Glorious singing at Glyndebourne new ‘Don Giovanni’
Mozart’s most renowned operas are the three he wrote in the late 1780s to libretti by Lorenzo da Ponte: Le nozze di Figaro, Don Giovanni and Cosi fan tutte. Sadly da Ponte’s benefactor, the Habsburg Emperor Joseph II, died in February 1790, bringing the writer’s income to an end and effectively terminating his collaboration with Mozart.
Da Ponte himself moved to London, where he briefly became librettist at the King’s Theatre (now His Majesty’s Theatre) before moving to New York to evade his creditors. There, as a faculty member of newly-founded Columbia University (the first to have been a Roman Catholic priest, and also the first to have been raised a Jew), he produced the first full performance of Don Giovanni in the United States.
One wonders what he might have made of the new Glyndebourne production. Musically he would surely have approved. The late eighteenth century is often referred to as the Age of Enlightenment, and under the very capable baton of the American conductor Evan Rogister (making his Glyndebourne debut), the Orchestra of the Age of Enlightenment gave the music huge clarity.
Rogister allowed the singers ample space, and the cast, largely Eastern European, were terrific. Andrey Zhilikhovsky, clothed in black shirt and trousers, made an athletic-looking and charismatic Don, singing with great power and command. Here is a man used to telling others what to do. As his long-suffering manservant Leporello, in jacket and tie, Mikhail Timoshenko sang clearly, exhibiting a sense of comedic irony that enhanced the drama.
As a charming Donna Elvira, whose big Act 2 aria was superbly delivered, the Armenian soprano Ruzan Mantashyan seemed almost ready at the end to abandon her beloved Don in favour of Leporello. Quite right too, one might say, in view of the Don’s haughty attitude to Donna Anna (Venera Gimadieva) and her fiancé Don Ottavio (Oleksiy Palchykov), whom he abusively head-butts. A strong Commendatore by Jerzy Butryn, and while Victoria Randem and Michael Mofidian sang well as the young wedding couple Zerlina and Massetto, they and their friends were garishly dressed in frightful pink skirts and electric blue jackets. The friends all seemed to be staying in a hotel hosting hen and stag parties, but thankfully that disappeared in Act 2 along with the frightful party costumes.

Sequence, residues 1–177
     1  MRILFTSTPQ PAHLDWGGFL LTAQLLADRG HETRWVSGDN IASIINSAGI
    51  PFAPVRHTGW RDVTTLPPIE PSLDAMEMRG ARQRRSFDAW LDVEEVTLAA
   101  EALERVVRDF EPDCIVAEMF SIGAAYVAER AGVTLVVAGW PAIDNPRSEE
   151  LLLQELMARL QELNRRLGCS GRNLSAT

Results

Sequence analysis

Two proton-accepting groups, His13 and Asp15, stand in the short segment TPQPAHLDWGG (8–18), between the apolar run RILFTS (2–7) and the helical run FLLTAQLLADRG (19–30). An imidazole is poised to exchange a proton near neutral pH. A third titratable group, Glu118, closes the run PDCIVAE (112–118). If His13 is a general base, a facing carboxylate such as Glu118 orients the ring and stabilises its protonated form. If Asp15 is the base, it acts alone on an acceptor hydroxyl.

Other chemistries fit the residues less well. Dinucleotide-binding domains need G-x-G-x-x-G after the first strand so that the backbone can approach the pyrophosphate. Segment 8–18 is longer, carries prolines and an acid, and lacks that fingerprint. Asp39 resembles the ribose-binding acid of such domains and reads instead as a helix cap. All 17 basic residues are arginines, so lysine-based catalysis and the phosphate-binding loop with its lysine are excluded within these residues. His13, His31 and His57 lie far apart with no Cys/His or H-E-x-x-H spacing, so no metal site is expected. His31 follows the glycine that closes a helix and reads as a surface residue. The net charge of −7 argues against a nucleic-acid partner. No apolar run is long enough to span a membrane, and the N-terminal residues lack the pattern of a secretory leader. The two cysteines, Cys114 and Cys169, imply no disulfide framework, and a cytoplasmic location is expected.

Though the setting was defiantly modern, the three masqueraders who try to take revenge on the Don were in eighteenth century wigs and costumes, a nod to the original period of composition. The lighting (lots of small bulbs) did strange things to create different moods, and overall this was a good new production by Mariam Clément, who had earlier staged Don Pasquale, Poliuto and Il turco in Italia for Glyndebourne. It replaces Jonathan Kent’s earlier production, last seen in 2010. What made the evening worth the trip were the vocal contributions, and the glorious tenor voice of the Ukrainian singer Oleksiy Palchykov as Don Ottavio was a revelation — we will surely hear more of him.
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